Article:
Pakistan makes progress in poverty reduction: World Bank157 views
ISLAMABAD: The World Bank Group in its recently published report “Pakistan Country Snapshot” has said that the country has made progress in reducing absolute poverty and improving shared prosperity.
“The percentage of the population below the national poverty rate has fallen from 34.7 per cent in fiscal year 2002 to an estimated 12.4 per cent in FY2011,” the report said.
It said that Pakistan had already achieved the first Millennium Development Goal (MDG) by more than halving between 1991 and 2011 the proportion of people whose income is less than $1.25 a day.
Furthermore, growth in the real per capita consumption of the bottom 40 percent was a respectable 3 per cent between 2006 and 2011, it noted.
The report said poverty reduction had been stronger in the traditionally poorer provinces of Khyber Pakhtunkhwa (KP) and Sindh, where its rates were now indistinguishable from those in Punjab.
“Poverty remains much more prevalent in Balochistan, however, where a sizable portion of residents are nomadic and live in remote and conflict areas.”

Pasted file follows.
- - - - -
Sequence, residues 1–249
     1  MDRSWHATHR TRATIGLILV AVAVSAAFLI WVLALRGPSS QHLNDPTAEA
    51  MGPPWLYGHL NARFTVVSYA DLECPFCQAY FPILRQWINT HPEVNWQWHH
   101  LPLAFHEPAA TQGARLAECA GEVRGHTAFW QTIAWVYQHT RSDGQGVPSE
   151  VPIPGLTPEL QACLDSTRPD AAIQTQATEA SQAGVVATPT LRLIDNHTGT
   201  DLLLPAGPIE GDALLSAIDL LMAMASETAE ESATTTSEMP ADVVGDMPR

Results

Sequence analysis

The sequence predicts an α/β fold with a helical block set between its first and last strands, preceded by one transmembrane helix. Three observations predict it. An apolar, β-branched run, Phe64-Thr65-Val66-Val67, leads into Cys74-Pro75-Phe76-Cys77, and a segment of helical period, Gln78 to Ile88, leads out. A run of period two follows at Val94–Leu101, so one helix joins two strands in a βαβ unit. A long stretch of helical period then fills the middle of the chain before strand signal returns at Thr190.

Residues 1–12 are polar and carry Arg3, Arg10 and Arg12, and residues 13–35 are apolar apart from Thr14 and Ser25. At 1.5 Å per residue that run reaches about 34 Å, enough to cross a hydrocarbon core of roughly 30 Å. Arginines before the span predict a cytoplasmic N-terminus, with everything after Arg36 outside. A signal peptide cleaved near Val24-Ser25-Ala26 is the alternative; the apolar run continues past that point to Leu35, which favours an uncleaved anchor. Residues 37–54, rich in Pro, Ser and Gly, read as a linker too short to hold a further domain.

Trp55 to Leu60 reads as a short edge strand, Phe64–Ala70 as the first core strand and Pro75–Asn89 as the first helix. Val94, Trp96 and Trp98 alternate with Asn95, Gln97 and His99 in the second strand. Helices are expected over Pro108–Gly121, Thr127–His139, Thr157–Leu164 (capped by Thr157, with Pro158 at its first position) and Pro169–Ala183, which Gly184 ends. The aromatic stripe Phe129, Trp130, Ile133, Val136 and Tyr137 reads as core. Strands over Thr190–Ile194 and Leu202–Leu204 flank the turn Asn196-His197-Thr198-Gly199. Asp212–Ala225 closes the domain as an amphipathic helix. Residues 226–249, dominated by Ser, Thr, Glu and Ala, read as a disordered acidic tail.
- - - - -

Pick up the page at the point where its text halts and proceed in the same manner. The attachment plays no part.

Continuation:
The report, however, said that despite this progress, a large portion of the population remained vulnerable to falling back into poverty.
“Although Pakistan’s recent gains in poverty were rapid, they remain fragile, in part because many households remain clustered near the poverty line,” the report added.
It said that an estimated 23 million people – 13 per cent of the population – lived on an amount between $1.25 and $1.50 per day, meaning that small reductions in consumption could greatly increase poverty rates.
The report suggested that efforts were needed to improve poverty monitoring and policy evaluation.
“Poverty measurement can be institutionalized in part through more independent and regularized poverty assessments that link measurements to other human development indicator data base,” it proposed.
It said another needed step was establishment of a constructive partnership between official authorities, donors and academics to promote high quality and timely measurement of poverty and shared prosperity, analysis and programme evaluation.
Similarly additional data collected at the mauza or tehsil level could be used to generate more detailed estimates to help policymakers better locate poor pockets within districts, it added. –APP